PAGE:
Mont St. Michel … Versailles … food … only in France …

What do you know: Unesco (United Nations Educational Scientific and Cultural Organization) headquartered in Paris, has just declared the festive French meal a natural heritage.

Cezanne painting

What do you know: Unesco (United Nations Educational Scientific and Cultural Organization) headquartered in Paris, has just declared the festive French meal a natural heritage.

This had happened at a meeting in Nairobi (Kenya); ironically Kenya is on the African continent where death of starvation is a daily occurrence.

But let me not be a spoilsport.

Yes, one eats well in France, too well according to the French Ministry of Health which has been trying for a few years now to get the French to eat less because they have become fat. Fat? This is a laugh because the French are the slimmest people in the world. Ask me, because I know the frustration of not having been born French and therefore not having a French girl’s physique which means that I can’t even get a size 38 (French size) dress over my head, and a size 34 (French size) shoe would not even cover my toes. Ask me, because I know the embarrassment of a saleslady looking me up and down and telling me, “We do not stock your size!”

So, what is so great about a festive meal in France?

According to a poll undertaken by Étude Harris Interactive for the Fondation Nestlé on November 9, the French spend not less than 90 minutes at table.  Sitting down with family and/or friends is looked on as a ‘real moment of happiness’. The television is dark, the mobile/cell phone is switched off, the room is well-lit; yes, there are candles on the table, but no one has to grope around in the dark trying to fork a pea or a grilled cherry tomato.

And what’s on the menu?

This morning’s Paris daily, le Parisien gives typical dishes.

There will be an aperitif to start with. It could be olives from Nyons in south-east France, or Creole boudin (pig’s liver and heart) sausages.  There are two types of boudin: white and black, and the black contains the pig’s blood too.

The first course (entrée) could be cold colin (hake) fish fillets with asparagus.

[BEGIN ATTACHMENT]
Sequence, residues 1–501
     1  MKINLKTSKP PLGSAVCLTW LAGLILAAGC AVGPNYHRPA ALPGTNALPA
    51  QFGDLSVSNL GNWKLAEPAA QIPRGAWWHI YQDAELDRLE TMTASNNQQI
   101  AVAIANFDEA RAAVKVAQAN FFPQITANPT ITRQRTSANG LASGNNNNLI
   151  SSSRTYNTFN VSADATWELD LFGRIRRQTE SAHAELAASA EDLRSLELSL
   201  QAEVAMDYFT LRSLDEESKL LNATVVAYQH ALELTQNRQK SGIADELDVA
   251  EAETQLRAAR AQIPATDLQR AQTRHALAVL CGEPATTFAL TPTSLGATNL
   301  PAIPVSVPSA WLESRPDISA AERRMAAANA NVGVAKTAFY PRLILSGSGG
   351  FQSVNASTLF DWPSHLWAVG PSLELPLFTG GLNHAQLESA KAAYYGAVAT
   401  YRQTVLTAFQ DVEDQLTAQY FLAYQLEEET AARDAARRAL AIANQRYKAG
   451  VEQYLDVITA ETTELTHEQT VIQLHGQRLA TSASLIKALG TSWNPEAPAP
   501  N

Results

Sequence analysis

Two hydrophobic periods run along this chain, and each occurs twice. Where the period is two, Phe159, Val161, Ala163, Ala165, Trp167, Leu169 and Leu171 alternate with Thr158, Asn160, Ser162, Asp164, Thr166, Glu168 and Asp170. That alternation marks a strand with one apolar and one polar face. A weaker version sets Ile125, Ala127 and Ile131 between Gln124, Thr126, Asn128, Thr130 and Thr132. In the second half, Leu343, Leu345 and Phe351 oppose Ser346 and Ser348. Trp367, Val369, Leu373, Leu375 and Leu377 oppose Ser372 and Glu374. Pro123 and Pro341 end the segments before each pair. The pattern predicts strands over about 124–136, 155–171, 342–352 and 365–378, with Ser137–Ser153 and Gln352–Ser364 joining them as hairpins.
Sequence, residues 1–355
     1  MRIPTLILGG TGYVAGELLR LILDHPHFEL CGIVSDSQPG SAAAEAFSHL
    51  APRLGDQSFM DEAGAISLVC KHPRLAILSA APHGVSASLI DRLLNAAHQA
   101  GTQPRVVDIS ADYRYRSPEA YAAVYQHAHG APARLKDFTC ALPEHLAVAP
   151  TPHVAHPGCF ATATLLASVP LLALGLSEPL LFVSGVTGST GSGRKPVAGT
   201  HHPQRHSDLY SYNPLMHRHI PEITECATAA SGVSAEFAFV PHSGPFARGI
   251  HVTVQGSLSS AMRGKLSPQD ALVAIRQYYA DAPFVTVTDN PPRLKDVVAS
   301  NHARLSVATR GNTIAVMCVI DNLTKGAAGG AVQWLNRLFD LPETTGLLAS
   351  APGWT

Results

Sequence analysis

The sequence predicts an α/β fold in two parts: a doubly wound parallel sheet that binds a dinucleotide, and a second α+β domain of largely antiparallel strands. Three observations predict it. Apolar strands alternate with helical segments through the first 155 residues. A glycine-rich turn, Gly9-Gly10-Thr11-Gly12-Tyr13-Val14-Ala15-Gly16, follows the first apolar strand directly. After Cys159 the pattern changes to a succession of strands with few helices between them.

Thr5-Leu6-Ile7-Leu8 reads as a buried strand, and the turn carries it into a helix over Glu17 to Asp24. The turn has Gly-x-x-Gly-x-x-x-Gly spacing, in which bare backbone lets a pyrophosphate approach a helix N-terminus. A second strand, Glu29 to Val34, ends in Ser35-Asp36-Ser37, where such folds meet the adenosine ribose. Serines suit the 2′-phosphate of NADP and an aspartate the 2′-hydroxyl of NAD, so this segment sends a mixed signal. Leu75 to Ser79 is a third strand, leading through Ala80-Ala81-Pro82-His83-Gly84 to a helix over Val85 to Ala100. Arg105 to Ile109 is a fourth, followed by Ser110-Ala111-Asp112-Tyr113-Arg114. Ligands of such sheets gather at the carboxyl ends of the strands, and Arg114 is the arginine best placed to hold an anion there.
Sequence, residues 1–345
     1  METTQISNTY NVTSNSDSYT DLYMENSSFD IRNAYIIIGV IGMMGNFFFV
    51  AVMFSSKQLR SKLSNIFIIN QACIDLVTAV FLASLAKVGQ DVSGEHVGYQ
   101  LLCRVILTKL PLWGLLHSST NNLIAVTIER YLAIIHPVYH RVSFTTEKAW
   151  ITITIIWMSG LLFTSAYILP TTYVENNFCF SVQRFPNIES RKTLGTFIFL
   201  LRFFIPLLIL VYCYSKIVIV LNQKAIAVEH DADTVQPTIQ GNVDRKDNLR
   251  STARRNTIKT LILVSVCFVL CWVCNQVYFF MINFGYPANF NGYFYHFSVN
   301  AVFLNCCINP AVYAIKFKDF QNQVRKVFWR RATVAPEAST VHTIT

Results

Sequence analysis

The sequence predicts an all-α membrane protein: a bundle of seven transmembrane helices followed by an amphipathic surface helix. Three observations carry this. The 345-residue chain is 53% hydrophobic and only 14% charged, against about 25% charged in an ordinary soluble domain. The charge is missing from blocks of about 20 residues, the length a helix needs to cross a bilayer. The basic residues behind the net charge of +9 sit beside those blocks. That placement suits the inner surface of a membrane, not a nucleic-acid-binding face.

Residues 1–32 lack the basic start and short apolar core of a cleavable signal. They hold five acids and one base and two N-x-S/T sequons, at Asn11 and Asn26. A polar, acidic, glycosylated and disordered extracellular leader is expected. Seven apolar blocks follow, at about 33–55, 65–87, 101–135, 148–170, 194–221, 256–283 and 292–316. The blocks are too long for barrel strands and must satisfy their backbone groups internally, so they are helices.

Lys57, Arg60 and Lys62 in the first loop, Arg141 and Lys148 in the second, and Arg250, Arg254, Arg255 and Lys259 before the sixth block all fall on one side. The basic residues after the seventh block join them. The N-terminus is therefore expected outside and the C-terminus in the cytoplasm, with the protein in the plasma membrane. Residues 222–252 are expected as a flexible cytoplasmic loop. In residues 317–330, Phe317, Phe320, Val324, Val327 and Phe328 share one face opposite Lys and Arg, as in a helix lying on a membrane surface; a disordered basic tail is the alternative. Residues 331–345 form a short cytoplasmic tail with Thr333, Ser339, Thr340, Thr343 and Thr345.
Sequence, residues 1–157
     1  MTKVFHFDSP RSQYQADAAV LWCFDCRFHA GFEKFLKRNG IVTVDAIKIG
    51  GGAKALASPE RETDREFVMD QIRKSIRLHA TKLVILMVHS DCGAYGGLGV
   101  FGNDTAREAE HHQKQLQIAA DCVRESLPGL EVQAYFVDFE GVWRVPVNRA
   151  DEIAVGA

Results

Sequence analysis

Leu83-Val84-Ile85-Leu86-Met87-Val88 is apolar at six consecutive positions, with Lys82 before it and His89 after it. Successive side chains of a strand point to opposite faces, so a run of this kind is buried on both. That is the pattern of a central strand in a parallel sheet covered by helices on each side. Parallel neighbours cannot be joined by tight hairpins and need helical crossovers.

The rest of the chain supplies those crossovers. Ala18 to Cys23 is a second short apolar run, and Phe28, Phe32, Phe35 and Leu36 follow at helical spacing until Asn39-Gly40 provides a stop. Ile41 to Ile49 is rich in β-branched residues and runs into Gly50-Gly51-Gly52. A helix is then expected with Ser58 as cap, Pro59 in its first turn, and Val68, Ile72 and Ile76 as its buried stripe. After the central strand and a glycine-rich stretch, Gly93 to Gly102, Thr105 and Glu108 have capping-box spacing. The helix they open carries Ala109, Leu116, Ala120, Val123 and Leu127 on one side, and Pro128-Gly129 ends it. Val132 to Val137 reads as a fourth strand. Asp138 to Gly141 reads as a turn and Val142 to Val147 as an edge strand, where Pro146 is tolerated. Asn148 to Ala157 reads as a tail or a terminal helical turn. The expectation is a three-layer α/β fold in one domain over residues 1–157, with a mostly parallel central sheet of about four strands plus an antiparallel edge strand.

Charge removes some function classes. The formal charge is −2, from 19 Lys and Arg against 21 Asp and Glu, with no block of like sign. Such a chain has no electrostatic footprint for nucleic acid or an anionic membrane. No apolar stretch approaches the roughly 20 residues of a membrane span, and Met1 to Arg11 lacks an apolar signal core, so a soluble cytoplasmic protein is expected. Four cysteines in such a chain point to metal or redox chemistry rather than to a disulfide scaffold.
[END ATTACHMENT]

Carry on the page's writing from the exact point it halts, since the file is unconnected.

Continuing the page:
The main course is often roast veal with crème normande (apple and cream sauce). It is served with a gratin daupinois (potato and cheese baked in the oven).

Next on the menu will be a cheese platter. Cheese is not ordered very often these days when eating in restaurants though once any gourmet would have told you, quoting Jean Anthelme Brillant-Savarin, the 19th century French gastronome, that a meal without cheese is like a beautiful woman with only one eye.

The dessert will follow (yes, in France the dessert comes after the cheese.  A favorite is a mille-feuille, but no one will turn down a fresh fruit salad.

Several wines will be served. A Burgundy will accompany the olives, a Sancerre the fish, a Bordeaux the meat and … wait for it … Champagne the dessert.

The evening will end with black coffee and Armagnac.

And if you ask for an Alka-Seltzer or an Eno Fruit Salt you will never be invited back for dinner.

So, do remember, eat slowly and you will be just fine.

And bear in mind that what you are eating is, along with Mont St Michel and the château of Versailles, a national monument.

Marilyn Z. Tomlins

3 Responses

11-17-2010 at 14:42:51

Ahhh, how I remember such meals. Matt and I always eat at the dining table and do not have the TV on, but of course we rarely sit down to such an extensive meal. Funny, the word apperitif has come to mean a pre-dinner drink in the English speaking world. I didn’t even know it had another meaning.

Nor did I realise the French ate black pudding which we used to eat a lot of in the UK although today a decent black pudding is difficult to get hold of.

11-17-2010 at 18:41:46

Oh yes, we eat like that every day, except we wouldn’t dream of omitting the cheese course. 🙂

11-18-2010 at 09:29:39

I can handle that sort of a feast at lunch time, or dinner, but not on Christmas Eve when they start at bedtime and go on into the small hours. That is just too much! Especially as by 11pm everyone is stuffed with apero nibbles and then have to face a huge, rich meal on top. No wonder Christmas Day itself is a right-off. They are all recovering from gross overindulgence, and stuffing liver salts.

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